A new paper argues that human reason has nothing to do with finding the truth, or locating the best alternative. Instead, it's all about argumentation.
Wilson and Schooler argue that “thinking too much” about strawberry jam causes us to focus on all sorts of variables that don’t actually matter. Instead of just listening to our instinctive preferences, we start searching for reasons to prefer one jam over another. For example, we might notice that the Acme brand is particularly easy to spread, and so we’ll give it a high ranking, even if we don’t actually care about the spreadability of jam. Or we might notice that Knott’s Berry Farm has a chunky texture, which seems like a bad thing, even if we’ve never really thought about the texture of jam before. But having a chunky texture sounds like a plausible reason to dislike a jam, and so we revise our preferences to reflect this convoluted logic.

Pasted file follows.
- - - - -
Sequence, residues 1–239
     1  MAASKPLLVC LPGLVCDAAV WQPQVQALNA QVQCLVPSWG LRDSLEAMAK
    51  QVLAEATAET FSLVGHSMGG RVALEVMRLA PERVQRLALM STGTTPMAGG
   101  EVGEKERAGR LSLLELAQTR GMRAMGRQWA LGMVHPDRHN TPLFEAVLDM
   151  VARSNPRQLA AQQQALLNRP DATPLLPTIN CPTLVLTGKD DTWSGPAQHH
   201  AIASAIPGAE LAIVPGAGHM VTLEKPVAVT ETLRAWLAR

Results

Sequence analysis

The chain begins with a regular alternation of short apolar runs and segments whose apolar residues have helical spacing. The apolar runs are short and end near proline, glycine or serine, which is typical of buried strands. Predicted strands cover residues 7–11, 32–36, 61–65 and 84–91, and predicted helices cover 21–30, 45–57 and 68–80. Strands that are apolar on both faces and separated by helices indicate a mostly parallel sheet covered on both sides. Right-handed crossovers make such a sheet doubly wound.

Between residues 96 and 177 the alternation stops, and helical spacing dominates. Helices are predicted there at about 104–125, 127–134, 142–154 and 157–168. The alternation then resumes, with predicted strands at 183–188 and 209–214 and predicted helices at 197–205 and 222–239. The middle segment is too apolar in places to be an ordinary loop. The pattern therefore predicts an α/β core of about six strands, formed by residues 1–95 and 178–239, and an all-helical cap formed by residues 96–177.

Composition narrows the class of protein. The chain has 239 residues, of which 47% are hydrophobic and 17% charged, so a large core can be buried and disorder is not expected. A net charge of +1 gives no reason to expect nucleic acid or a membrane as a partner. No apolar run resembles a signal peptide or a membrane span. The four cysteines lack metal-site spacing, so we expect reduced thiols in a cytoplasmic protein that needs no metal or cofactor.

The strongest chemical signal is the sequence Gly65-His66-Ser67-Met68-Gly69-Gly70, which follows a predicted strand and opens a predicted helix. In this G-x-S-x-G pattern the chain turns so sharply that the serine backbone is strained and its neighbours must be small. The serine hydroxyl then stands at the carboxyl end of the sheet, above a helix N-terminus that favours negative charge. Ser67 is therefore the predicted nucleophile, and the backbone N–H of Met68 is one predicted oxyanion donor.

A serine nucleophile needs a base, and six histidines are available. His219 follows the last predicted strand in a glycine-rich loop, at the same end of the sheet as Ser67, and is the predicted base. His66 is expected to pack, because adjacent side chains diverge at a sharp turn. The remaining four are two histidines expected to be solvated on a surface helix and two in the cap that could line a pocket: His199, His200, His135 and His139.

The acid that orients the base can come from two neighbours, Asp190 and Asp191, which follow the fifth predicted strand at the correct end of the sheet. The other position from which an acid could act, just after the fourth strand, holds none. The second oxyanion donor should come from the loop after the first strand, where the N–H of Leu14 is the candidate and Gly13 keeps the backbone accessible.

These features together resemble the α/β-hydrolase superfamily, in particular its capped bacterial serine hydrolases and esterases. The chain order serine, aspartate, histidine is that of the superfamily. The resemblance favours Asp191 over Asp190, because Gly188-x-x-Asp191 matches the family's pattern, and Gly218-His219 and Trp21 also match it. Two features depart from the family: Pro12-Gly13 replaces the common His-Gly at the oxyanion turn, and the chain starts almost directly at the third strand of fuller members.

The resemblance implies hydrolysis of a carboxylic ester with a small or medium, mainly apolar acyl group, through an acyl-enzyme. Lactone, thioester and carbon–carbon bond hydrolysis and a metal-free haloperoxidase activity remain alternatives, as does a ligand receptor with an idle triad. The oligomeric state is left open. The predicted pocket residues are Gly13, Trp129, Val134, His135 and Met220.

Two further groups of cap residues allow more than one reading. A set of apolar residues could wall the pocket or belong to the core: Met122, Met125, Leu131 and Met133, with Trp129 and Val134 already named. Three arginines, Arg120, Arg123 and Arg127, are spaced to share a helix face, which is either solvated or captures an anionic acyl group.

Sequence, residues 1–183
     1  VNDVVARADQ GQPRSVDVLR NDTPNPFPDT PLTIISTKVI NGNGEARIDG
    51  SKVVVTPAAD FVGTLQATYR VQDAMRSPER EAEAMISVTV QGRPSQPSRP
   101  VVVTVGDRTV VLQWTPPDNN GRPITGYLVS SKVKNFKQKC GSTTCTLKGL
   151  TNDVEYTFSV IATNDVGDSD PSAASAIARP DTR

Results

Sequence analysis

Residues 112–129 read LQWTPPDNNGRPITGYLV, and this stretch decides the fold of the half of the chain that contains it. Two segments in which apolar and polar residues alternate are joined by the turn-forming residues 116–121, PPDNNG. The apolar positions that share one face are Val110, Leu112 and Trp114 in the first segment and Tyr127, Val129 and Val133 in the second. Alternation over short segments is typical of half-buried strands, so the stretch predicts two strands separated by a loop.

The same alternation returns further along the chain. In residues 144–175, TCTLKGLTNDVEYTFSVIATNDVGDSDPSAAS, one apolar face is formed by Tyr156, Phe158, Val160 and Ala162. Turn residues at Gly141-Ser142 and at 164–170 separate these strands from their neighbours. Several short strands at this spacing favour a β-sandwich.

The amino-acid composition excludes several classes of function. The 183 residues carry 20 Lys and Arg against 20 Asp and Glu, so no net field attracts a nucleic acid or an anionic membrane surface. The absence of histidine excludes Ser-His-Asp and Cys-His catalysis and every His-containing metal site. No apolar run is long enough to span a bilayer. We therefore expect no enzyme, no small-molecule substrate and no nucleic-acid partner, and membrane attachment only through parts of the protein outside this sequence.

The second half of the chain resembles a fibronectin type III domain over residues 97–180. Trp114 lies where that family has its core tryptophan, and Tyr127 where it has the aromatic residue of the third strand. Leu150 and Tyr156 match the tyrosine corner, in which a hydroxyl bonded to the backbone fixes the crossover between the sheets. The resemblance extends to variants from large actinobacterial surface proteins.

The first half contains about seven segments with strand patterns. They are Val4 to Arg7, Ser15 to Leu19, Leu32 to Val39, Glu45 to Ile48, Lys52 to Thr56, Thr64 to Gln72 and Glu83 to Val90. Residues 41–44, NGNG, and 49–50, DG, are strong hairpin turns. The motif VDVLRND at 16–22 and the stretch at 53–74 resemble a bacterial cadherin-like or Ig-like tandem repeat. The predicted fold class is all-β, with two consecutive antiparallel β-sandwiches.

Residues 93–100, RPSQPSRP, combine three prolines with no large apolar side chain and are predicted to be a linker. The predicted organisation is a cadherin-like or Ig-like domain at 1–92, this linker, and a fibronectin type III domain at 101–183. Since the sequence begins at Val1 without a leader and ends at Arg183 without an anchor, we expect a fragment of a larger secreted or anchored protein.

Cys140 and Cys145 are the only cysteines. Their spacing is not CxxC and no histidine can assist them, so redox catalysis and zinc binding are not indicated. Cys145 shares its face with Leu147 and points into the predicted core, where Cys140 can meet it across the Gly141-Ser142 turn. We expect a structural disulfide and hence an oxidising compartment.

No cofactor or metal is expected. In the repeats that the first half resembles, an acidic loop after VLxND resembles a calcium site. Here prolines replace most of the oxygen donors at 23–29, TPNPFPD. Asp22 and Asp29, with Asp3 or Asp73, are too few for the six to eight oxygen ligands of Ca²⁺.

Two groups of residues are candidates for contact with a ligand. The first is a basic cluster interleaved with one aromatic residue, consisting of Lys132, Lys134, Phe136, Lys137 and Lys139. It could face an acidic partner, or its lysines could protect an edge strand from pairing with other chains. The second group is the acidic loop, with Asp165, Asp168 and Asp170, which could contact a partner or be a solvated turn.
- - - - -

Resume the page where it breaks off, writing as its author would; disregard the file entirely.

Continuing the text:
And it’s not just jam: Wilson and others have since demonstrated that the same effect can interfere with our choice of posters, jelly beans, cars, IKEA couches and apartments. We assume that more rational analysis leads to better choices but, in many instances, that assumption is exactly backwards.
These studies represent an important reevaluation of the human reasoning process. Instead of celebrating our analytical powers, these experiments document our foibles and flaws. They explore why human reason can so often lead us to believe blatantly irrational things, or why it’s reliably associated with mistakes like cognitive dissonance or confirmation bias. And this leads me to a wonderful new paper by Hugo Mercier and Dan Sperber (I found it via this insightful talk by Jonathan Haidt) that summons a wide range of evidence – such as the strawberry jam study above – to argue that human reason has nothing to do with finding the truth, or locating the best alternative. Instead, it’s all about argumentation.
Continue Reading @ Wired.